To be able to preserve religious heritage, the sensitisation of people is important with an aim to ethically conserve what exists or build separately while preserving whatever remains the of old structure.

Vishvesh Kandolkar, Associate Professor at Goa College of Architecture, spoke on Mausoleum for the Living: Presenting Old Goa’s Architecture. An estimated 50 lakh people attended the 2014 exposition of the relics of St Francis Xavier. Kandolkar says, ‘The relics of St Francis Xavier never fail to draw large audiences.’ Apart from the clearly religious purpose behind this fervour, there is also the sense of rootedness and affirmation of a particular identity conferred upon the Catholics, especially lower caste Catholics, linked to the regular commemoration of these sacred relics and the religious architecture connected with it. The government uses Goa’s colonial history to promote tourism and focuses on the historical structures and not the minorities that are an integral and live part of Goan heritage. The rituals, celebrations and resultant community and family gatherings that take place within these hallowed structures must be acknowledged and propagated by the State.

The fact that some of the religious heritage monuments of Old Goa, reminiscent of Goa’s history, have been deliberately allowed to fall into ruin, proves that there is a concerted effort being made to weaken Goan Catholic identity. If anything is preserved, it is to provide a tourist destination. There is no room for the sentiments of the religious minority associated with the heritage sites.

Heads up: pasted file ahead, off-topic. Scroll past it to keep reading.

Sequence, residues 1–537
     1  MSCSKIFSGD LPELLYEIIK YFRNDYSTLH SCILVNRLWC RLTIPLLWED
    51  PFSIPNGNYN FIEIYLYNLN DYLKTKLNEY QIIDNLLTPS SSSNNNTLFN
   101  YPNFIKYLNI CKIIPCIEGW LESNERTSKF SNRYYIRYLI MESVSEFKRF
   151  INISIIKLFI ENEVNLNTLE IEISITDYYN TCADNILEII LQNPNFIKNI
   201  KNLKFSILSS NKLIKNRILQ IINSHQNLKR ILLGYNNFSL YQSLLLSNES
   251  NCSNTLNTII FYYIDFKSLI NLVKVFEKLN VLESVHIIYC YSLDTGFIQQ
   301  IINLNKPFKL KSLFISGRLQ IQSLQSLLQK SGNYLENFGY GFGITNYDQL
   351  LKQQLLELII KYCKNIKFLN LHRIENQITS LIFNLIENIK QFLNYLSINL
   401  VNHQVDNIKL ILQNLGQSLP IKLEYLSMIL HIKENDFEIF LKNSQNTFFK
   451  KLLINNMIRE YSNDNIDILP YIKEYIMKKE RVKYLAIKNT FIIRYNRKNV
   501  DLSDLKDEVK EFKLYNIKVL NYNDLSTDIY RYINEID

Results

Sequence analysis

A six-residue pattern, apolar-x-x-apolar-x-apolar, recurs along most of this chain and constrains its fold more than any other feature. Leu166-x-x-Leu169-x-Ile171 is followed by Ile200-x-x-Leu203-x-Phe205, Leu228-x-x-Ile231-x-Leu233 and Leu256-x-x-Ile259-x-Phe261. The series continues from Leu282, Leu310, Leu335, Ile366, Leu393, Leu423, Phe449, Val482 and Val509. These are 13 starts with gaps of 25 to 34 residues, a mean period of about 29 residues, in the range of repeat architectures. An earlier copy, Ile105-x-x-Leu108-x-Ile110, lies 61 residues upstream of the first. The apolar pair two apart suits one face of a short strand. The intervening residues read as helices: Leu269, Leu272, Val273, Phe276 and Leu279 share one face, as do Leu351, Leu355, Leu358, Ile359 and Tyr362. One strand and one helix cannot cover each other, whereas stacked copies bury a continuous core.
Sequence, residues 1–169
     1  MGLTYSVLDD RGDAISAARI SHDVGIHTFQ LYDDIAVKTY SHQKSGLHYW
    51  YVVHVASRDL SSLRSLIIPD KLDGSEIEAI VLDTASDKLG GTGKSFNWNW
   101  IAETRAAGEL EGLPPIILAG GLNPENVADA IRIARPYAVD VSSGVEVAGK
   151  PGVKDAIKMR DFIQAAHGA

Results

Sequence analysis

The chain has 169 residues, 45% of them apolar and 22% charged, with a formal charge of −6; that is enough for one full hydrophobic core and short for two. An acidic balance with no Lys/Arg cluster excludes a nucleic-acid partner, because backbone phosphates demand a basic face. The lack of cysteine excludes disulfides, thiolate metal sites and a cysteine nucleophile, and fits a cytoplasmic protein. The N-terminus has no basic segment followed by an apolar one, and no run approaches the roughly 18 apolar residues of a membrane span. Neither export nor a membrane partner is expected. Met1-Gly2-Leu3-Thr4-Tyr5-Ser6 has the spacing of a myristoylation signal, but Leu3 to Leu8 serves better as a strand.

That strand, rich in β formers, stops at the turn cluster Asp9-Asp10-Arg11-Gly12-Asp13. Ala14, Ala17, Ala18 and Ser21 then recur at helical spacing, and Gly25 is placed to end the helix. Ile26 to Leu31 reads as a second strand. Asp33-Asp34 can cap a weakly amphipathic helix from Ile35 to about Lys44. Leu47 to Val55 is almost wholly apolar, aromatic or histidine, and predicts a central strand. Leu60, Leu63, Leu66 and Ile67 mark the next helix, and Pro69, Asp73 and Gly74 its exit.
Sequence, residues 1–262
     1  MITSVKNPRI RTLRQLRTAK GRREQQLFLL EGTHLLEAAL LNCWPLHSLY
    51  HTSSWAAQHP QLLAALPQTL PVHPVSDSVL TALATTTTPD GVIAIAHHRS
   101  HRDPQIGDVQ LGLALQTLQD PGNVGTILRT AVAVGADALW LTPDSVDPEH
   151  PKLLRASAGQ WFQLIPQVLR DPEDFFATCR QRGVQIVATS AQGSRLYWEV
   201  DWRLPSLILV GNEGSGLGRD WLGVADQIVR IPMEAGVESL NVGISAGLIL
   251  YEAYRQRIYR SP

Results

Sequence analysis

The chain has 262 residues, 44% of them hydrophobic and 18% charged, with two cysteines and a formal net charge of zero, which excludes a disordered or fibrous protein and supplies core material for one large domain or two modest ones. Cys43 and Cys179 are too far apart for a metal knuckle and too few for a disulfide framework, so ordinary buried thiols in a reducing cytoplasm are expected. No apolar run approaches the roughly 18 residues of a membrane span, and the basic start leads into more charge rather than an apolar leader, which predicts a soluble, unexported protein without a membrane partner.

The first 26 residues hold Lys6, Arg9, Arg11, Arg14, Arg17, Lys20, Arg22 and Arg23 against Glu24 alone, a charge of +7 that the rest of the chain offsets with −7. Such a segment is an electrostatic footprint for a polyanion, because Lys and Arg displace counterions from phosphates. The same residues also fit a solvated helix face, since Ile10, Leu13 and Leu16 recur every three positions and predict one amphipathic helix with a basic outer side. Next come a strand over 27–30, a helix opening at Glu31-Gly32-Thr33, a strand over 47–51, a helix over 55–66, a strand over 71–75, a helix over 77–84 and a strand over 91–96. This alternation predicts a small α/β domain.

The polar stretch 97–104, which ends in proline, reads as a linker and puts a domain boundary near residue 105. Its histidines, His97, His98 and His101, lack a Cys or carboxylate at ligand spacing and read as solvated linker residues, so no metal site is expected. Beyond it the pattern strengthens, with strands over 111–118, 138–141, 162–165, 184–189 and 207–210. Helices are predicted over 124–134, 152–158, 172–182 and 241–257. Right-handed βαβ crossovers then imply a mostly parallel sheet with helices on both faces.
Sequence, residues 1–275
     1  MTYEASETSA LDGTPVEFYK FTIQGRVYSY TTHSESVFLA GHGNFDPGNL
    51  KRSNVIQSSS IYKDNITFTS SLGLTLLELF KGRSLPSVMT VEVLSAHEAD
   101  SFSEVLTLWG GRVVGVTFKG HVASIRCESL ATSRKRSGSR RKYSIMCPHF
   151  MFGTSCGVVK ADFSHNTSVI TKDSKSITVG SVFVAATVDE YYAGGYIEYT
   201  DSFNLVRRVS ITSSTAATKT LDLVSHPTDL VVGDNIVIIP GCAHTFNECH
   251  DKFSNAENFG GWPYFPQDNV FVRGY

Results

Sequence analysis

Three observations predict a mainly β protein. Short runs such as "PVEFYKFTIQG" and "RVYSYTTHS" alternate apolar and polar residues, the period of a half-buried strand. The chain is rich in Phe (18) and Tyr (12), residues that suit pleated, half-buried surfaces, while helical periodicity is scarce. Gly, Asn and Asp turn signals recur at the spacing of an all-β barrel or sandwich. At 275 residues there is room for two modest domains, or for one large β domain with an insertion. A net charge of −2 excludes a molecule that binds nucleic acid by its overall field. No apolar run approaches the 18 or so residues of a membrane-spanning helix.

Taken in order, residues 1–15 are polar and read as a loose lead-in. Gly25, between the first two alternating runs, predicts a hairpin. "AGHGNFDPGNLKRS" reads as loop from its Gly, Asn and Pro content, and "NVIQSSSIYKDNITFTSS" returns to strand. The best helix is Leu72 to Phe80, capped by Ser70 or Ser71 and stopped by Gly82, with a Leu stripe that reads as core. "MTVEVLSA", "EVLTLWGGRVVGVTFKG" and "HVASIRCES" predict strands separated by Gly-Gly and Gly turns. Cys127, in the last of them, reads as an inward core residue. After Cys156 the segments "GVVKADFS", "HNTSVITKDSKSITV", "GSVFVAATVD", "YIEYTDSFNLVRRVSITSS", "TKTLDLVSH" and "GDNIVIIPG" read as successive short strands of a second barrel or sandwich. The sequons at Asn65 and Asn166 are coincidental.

The attitude with which Goa is sold as a tourist destination, only to be exploited by consumers, is reflected in the disrespect towards the sanctity of these religious monuments and the rites and rituals that take place within. Kandolkar says, ‘Despite the warnings to tourists that they are entering a sacred place and that they should maintain silence, tourists click selfies completely oblivious to the local worshippers who are present in the church. On closer observation it seems that the tourists are deliberately clicking selfies with the worshippers forming a backdrop of their photographic composition along with the heritage setting of the church.’ Using the church and the worshippers merely as props, the Indian tourists attempt to garner mileage in their social circles for their unusual cultural experience. They speak loudly during the religious services aside from dressing immodestly when in churches. This is in complete contrast to behaviour in Hindu religious places where the utmost respect is accorded.

The State has a significant role to play in controlling the behaviour of tourists. The projection of Goa as a place of fun and frolic and depicting the beaches and churches in the same space is bound to create an insensitive approach to the Catholic religious sites.

The ruinous appearance of monuments such as the unplastered and gradually deteriorating Basilica of Bom Jesus serves as an ideological reminder of the colonial past and sends the message of the Indian government having rescued Goa from her colonial masters. Nonetheless, by continuing to participate in celebrations at the historical sites in large numbers over the years after Goa became part of India, Goan Catholics defy the attempts to nullify their identity and presence and the true religious importance of these heritage monuments.

(To be continued)